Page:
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Wash. Justices Push Back on State Taxing Federal Lifeline

Washington state’s argument for taxing federal Lifeline support depends on the Washington Supreme Court agreeing that the Universal Service Administrative Co. is not the U.S. government’s instrumentality, agreed Deputy Solicitor General Cynthia Alexander, representing the state revenue department, at oral argument Thursday. State justices zeroed in on this question -- and practical impacts -- as they weighed whether federal Lifeline funds subsidizing low-income consumers’ phone lines are subject to the state’s retail sales tax.

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T-Mobile subsidiary Assurance Wireless seeks review of a lower court ruling rejecting its argument that the carrier’s Lifeline services didn’t involve a retail sale. In an amicus brief last month, former FCC Commissioners Robert McDowell and Mignon Clyburn urged the Washington Supreme Court to reverse, saying states taxing Lifeline would cause great harm (see 2309120036).

No sales tax should apply because the wireless service is free, said Assurance counsel Eric Tresh of Eversheds Sutherland. If the state could tax the transaction in which Assurance receives reimbursement for providing the free service, then the FCC -- not its instrumentality USAC -- would be the buyer responsible for paying the tax, said Tresh. But the law protects the federal government from paying state taxes.

The FCC decides how much money to put in the USF and who gets disbursements, not the fund administrator, said Tresh. The arrangement is different from a typical government contract, where a vendor like Northrop Grumman would negotiate contracts and directly pay third parties, said Tresh. It’s telling, he said, that if Assurance were aggrieved by USAC, it would have to seek relief through the FCC administrative process, and only the FCC could be named in any lawsuit.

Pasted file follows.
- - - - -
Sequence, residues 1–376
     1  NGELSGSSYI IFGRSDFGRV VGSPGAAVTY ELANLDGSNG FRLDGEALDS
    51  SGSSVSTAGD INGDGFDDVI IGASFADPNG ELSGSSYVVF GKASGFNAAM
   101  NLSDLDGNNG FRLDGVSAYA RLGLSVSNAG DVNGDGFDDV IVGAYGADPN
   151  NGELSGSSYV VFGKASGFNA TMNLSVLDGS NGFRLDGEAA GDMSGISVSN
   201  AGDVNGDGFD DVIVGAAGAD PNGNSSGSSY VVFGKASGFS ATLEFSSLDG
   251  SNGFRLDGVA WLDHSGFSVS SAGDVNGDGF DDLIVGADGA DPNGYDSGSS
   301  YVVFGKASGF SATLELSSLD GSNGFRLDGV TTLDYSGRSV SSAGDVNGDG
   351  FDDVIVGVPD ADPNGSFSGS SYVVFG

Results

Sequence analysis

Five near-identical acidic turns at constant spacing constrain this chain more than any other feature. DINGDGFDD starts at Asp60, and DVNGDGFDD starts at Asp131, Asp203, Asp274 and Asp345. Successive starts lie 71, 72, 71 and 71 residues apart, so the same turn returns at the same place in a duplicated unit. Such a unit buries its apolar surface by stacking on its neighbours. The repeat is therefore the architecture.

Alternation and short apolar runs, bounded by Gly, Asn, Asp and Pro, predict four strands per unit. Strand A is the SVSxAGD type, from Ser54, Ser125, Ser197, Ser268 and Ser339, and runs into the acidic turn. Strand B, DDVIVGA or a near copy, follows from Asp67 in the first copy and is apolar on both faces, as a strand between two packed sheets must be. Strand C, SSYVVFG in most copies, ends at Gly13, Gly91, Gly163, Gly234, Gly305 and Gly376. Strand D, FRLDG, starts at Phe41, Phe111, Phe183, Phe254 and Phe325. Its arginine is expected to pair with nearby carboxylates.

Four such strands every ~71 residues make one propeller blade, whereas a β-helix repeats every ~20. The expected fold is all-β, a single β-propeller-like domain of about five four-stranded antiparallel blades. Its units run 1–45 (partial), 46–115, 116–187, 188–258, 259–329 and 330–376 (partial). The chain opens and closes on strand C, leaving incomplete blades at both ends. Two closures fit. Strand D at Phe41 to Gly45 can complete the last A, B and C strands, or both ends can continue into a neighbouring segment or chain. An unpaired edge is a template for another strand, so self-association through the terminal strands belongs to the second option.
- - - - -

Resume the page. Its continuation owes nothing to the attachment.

The 6th U.S. Circuit Court of Appeals saw USAC as subordinate to the FCC in a decision this year in Consumers Research v. FCC, added Tresh. “What the department is effectively arguing in this case is that a subordinate actor performing a ministerial task is somehow taking on a legal obligation to pay for a service that is admittedly free. That’s just not the state of the law.”

Justice Barbara Madsen asked Washington’s lawyer if she disagreed that USAC is a U.S. instrumentality that wouldn’t have to pay state tax. Alexander said USAC can’t be viewed as an instrumentality under a standard set in a 1982 U.S. Supreme Court decision, U.S. v. New Mexico. The government doesn’t run privately owned USAC’s day-to-day operations, nor does it have any ownership interest in the administrator, she said. “It’s a wholly owned subsidiary of a trade organization.”

Even USAC describes itself as an independent nonprofit that isn’t a government agency or a government-controlled corporation, the attorney said. Plus, a memorandum of understanding between USAC and the FCC states that the administrator “conducts its own procurements" and isn't the FCC's purchasing agent, she said. “The FCC could have but didn’t keep these tasks for itself.” Alexander also disagreed that USAC can’t be sued by aggrieved carriers.

Madsen asked if one possible distinction is that government contractors could pick up work from other sources, whereas USAC is designed for one function. USAC may manage only USF, but there are other contractors that do only government contracting, said Alexander. Madsen asked, “Is that by choice or by design?” The justice said she’s “trying to understand … if there is a difference between a contractor who maybe elects to only work for government contracts versus an entity … that is created and designed only to do that and really couldn't do anything else.”

Justice Debra Stephens asked about the "practical impact" of 50 states separately deciding whether Lifeline is subject to taxation. The tax wouldn’t fall on Lifeline beneficiaries, said Alexander. Stephens said, “So you’d have carriers in states that don’t tax this transaction helping to offset the impact on carriers in states that do.” The state lawyer agreed.

Justice Mary Yu pushed back on Alexander saying there’s no evidence that having to collect the tax would discourage carriers like Assurance from participating in Lifeline. “Isn’t that … sort of self-evident?” asked Yu. “I mean, how could it not have any impact? You might not have anything in the record here that says so, but doesn’t common sense and logic say that?”

Congress can step in if there are problems, said Alexander. Currently there’s no state sales tax exemption for Lifeline in Washington or U.S. law, she said. Federal legislators may choose to immunize the program from state taxes or they “could determine that the sovereignty of the states is more important,” said the counsel. “Those are the kind of political decisions that are best left to Congress.”